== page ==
The San Gabriel Valley (SGV) is very famous for its multicultural mix in cities like Alhambra, Monterey Park, and Rosemead. There are several key arteries that connect the web of municipalities in the area. One of the main streets of the SGV -- that exemplifies its diverse demographics as well as the many different land uses and agrarian history -- is Garvey Avenue. This week L.A. Letters examines the vibrant landscape along Garvey from Alhambra to El Monte, passing through Monterey Park, Rosemead and South El Monte, before the main stretch of it flows into the 10 East in El Monte just west of the 605 and Baldwin Park.
Before describing the geographic and streetscape features along Garvey, a brief background history dating back to the late 19th Century is needed. The street is named for Richard Garvey, Sr., who was a mail rider for the United States Government between 1860 and 1863. He delivered mail by horseback across a 300 mile stretch between Arizona and California, and through his travels he discovered that the path that is now Garvey Avenue was the shortest route between El Monte and Los Angeles. He gradually began to love this stretch of land and, in 1873, he bought a ranch that was about four miles long and two miles wide. The west end of his ranch was where Atlantic Boulevard is now, and the eastern end was where San Gabriel Boulevard currently runs. Most of Garvey's land is now considered Monterey Park, with some of it in Rosemead and South San Gabriel.
He gave some of his land in order to create the east-west highway now called Garvey Avenue. The site of Garvey's ranch house is now called Garvey Ranch Park, and is less than a mile south of Garvey and just east of Garfield. Remnants of his home remain on the park, as well as an observatory built by his son in the 1930s. The Monterey Park Historical Society has a small museum here and has much more information on both Garvey and the area's early history.
In the early 20th Century, long before the construction of Interstate 10, the 60 and 210, Garvey was one of the main routes into Los Angeles. Valley Boulevard was equally important and was originally the path of the Butterfield Stage Coach in the 19th Century. Valley and Garvey are parallel roads that are related, like Pico and Olympic, or Wilshire and Santa Monica Boulevard. Both Garvey and Valley run parallel to the 10 and are never more than about a mile apart from each other with the 10 in between the two. Similar to Wilshire and Santa Monica, they also intersect at one point: Garvey and Valley meet in El Monte, just west of where Garvey's main stretch becomes Interstate 10.
Garvey Avenue begins in Alhambra just south of the 10 Freeway and Cal State Los Angeles. It officially starts from the curve where Ramona Boulevard splits adjacent to the 10. Local residents from Alhambra, Monterey Park, and Rosemead often use this stretch of Garvey rather than taking the 10 because the 10 east always slows down just past City Terrace when it reaches Alhambra and Monterey Park by the Fremont exit. For this reason, commuters in the know exit from the 10 on Ramona and when you make a left turn onto Ramona, it becomes Garvey in less than a half mile.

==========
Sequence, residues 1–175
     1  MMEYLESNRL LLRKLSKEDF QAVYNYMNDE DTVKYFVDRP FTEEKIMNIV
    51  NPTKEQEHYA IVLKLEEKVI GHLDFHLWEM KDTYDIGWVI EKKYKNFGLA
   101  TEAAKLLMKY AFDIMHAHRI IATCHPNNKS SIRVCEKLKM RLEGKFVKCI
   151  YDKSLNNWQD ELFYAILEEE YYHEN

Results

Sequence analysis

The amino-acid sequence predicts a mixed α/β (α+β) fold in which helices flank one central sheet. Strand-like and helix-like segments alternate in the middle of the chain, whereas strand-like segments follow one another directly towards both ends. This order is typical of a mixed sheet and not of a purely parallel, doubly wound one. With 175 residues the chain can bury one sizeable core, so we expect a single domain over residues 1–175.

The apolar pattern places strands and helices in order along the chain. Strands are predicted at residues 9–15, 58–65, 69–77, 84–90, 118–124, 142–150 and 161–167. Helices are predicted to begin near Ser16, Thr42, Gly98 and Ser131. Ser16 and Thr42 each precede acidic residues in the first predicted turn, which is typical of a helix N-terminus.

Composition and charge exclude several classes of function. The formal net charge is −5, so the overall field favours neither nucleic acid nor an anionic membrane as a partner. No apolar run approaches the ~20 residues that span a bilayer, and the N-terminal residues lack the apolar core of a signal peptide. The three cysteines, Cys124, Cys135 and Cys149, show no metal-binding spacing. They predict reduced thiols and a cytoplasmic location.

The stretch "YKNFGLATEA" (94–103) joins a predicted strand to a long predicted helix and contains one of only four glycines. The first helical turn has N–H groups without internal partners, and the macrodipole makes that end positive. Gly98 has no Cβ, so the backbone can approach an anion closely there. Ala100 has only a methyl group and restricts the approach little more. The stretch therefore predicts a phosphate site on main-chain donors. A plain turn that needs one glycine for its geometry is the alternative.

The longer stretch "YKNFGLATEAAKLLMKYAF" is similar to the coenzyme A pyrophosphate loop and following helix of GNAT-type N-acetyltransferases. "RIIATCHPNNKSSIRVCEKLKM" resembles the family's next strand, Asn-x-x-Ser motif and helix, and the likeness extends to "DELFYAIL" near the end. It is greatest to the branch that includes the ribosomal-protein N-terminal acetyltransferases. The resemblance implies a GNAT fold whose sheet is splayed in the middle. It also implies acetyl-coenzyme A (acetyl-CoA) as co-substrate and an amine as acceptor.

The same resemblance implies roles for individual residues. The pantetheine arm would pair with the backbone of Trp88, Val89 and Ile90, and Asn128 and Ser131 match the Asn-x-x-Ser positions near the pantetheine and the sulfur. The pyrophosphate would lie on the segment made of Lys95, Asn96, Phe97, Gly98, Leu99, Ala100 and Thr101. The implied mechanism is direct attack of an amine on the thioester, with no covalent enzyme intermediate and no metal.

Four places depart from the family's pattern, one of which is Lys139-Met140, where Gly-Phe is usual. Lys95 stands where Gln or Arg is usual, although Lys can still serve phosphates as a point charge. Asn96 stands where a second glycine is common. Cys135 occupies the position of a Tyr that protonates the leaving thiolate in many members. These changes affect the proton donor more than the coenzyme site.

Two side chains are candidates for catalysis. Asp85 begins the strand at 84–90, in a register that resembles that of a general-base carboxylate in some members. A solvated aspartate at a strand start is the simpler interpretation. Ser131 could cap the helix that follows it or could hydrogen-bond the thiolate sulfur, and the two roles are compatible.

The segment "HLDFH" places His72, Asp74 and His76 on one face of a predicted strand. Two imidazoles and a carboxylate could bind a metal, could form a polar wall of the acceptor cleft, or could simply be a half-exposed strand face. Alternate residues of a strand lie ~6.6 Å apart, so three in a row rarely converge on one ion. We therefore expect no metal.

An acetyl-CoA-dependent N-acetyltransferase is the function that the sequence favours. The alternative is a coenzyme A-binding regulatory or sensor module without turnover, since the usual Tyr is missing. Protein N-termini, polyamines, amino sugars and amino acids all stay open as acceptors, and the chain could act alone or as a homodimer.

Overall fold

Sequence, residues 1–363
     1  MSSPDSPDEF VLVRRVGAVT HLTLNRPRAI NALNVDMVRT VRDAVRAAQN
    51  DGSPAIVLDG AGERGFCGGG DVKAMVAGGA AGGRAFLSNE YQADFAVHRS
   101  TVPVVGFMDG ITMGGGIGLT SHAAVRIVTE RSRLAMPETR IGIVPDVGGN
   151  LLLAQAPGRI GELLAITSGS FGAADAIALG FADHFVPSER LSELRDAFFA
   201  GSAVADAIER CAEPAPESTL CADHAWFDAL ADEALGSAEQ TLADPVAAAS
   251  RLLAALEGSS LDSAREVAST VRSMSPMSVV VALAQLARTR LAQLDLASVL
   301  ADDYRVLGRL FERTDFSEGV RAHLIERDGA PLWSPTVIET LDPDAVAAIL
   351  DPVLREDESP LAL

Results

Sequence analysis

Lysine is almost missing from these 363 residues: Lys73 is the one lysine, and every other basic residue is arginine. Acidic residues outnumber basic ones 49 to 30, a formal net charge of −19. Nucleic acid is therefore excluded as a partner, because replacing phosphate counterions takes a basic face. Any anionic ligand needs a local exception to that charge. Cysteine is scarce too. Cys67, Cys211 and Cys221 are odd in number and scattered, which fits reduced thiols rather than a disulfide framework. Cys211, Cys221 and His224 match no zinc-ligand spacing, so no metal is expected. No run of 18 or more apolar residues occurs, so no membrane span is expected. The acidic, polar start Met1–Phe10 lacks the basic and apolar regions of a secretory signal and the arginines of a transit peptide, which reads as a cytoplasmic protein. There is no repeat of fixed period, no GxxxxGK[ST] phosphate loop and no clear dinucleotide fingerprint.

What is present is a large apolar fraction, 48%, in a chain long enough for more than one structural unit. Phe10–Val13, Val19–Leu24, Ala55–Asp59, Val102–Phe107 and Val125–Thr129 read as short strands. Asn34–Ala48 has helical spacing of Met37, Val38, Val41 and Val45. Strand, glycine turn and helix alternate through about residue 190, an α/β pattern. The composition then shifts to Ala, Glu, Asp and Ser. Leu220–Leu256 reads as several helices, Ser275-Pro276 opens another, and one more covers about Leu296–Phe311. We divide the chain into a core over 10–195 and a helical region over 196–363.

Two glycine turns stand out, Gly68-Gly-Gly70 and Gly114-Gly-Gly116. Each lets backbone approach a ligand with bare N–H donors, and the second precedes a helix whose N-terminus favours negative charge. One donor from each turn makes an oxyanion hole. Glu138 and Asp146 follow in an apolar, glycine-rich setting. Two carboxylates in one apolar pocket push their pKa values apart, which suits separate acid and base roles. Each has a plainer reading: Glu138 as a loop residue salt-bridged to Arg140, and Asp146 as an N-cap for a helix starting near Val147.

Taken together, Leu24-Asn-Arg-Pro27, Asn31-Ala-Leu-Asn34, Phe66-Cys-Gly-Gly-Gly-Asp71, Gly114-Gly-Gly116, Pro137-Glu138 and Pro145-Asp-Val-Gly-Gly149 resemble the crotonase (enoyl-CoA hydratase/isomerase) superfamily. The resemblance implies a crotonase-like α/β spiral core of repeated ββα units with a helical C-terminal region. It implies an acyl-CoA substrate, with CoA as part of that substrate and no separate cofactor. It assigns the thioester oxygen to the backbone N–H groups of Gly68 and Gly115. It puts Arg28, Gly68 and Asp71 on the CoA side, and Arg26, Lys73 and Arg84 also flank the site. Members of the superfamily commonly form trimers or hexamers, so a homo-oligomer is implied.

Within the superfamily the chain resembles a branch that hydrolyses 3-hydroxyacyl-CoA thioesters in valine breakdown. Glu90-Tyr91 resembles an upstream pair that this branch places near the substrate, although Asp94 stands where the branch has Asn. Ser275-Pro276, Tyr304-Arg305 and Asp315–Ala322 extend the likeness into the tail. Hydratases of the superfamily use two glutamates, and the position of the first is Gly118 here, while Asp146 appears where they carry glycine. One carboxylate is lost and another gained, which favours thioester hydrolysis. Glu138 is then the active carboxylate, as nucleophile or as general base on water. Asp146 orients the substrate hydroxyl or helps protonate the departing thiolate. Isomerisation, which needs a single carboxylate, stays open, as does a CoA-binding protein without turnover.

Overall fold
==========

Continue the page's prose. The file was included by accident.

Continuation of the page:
On the western edge of Garvey where it begins, is the Chinese Church for Christ, also called the Calvin Chao Theological Seminary. A few hundred yards east of the church on the northern side of Garvey are three still-functioning archaic roadside hotels that date back to the first half of the 20th Century. They are the Wayfare Motel, Midwick Motor Hotel, and the View Motel. All along Garvey heading east are other similar motels that date back over a half century ago. These motels are a lot like the small hotels along Route 66 and other major roads that were once considered highways before the Interstate system was built in the 1950s and early 1960s.
Heading east on this part of Garvey the road curves and heads up hill. This vantage point offers excellent views of Mt. Wilson, Mt. Baldy, and Pasadena to the north and the entire San Gabriel Valley on the eastern horizon. On a clear day, one can even see the towering Mt. San Gorgonio over 50 miles east. The series of foothills in this area are where Alhambra and Monterey Park meet on the western edge. As noted above, the road is fast through this stretch and much like a highway all the way to Atlantic about a mile east. Coming down Garvey through this area one cannot help but notice the opulent St. Stevens Serbian Orthodox Cathedral on the northern side of Garvey. As one of the largest Orthodox cathedrals in America, the Byzantine architecture of the church is truly awe-inspiring. The location was chosen for its hilltop location and the outstanding view it offers of the San Gabriel Valley below. The Serbian population in the local area was much bigger in the past, nonetheless Serbians and devoted members of the church commute there from all over Southern California.